• A married couple with combined annual earnings of $50,000, who have 2 children and $8,000 in child care expenses, would see a tax reduction of 35 percent. This couple, on average, pays around $2900 in federal taxes. Their tax decreases to approximately $1900 under Trump’s new plan.
  • Earning slightly less than the average DuPage County household, a married couple earning $75,000 with two children and $10,000 in child care expenses would be cut by 30 percent. On average, this couple would pay approximately $8500 in federal taxes, but around $6,000 under Plan Trump.
  • A married couple earning $5 million with two children and $12,000 in child care expenses would enjoy reduced taxes by only 3%. However, this example-couple’s burden would be about $335,000, reduced to $325,000 by the President-Elect’s plan.

(Adapted from Trump’s campaign website)

One writer cautioned that Mr. Trump’s calculations are misleading, in that they fail to focus on how much money they have in their pocket after taxes. Instead, his calculated projections boast about tax rate reduction, instead of the more realistic concern of a family’s after-tax income.

One Trump policy insider explained the plan this way: “The single best way to help people that are in the low-income bracket or unemployed or underemployed is, No. 1, to get them employed in real jobs with real benefits,” he says. Team Trump’s logic is that by providing minor tax reductions for families paying for child care, it enables them to work, thereby “boosting” the economy. Maybe.

But this same insider argues these smaller personal income tax cuts, along with Trump’s proposal to reduce the corporate tax rate from 35 percent to 15 percent, will help taxpayers by boosting economic growth. This is the most unpopular, “trickle-down” policy, reborn.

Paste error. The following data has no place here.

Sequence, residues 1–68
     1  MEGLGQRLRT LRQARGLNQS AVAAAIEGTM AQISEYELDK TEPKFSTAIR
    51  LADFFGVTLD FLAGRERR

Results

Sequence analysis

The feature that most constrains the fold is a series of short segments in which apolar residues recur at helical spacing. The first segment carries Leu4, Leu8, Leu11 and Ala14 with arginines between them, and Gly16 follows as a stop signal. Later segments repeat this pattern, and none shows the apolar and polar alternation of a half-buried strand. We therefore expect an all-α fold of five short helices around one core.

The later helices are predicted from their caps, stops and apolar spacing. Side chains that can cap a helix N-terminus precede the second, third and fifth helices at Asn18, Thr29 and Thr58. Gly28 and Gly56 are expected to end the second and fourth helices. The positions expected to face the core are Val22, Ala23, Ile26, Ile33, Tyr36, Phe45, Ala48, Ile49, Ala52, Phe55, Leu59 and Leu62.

Economists disagree on this plan being beneficial to the U.S. economy. The Tax Policy Center posits that during the first 10 years, this plan would produce huge budget deficits that would cripple the economy. Presumably so, as those same economists estimate that our U.S. government would lose $6.2 trillion in tax revenue.

That number is a big loss. To put this $6.2 trillion deficit number into perspective, think about these random statistics:

  • The number looks like this: $6,200,000,000,000.
  • The Iraq, Afghan war costs exceeded just over $4 trillion.
  • For the fiscal year 2017, the entire United States (federal, state, and local) governmental spending, is estimated at $6.89 trillion.
  • Mr. Trump could repeat his well-known 1995 tax loss of $916 Million, every day, every year, for over 18 years, and still have enough room in this deficit to instantly bankrupt California.
  • McDonald’s’ is truly an economic giant. The $27 billion McDonald’s makes in revenue makes the burger chain the 90th-largest economy in the world. And yet, the McDonald’s worldwide annual revenue must repeat itself for 230 years to reach the size of the deficit created by that tax plan.

The Trump plan also eliminates the federal estate tax entirely. This tax is currently paid by only the wealthiest 1 percent of taxpayers. Virtually every economist reporting in news media agrees – ending the federal estate tax would lead to an even greater concentration of wealth in the United States.

Maybe that was the plan all along.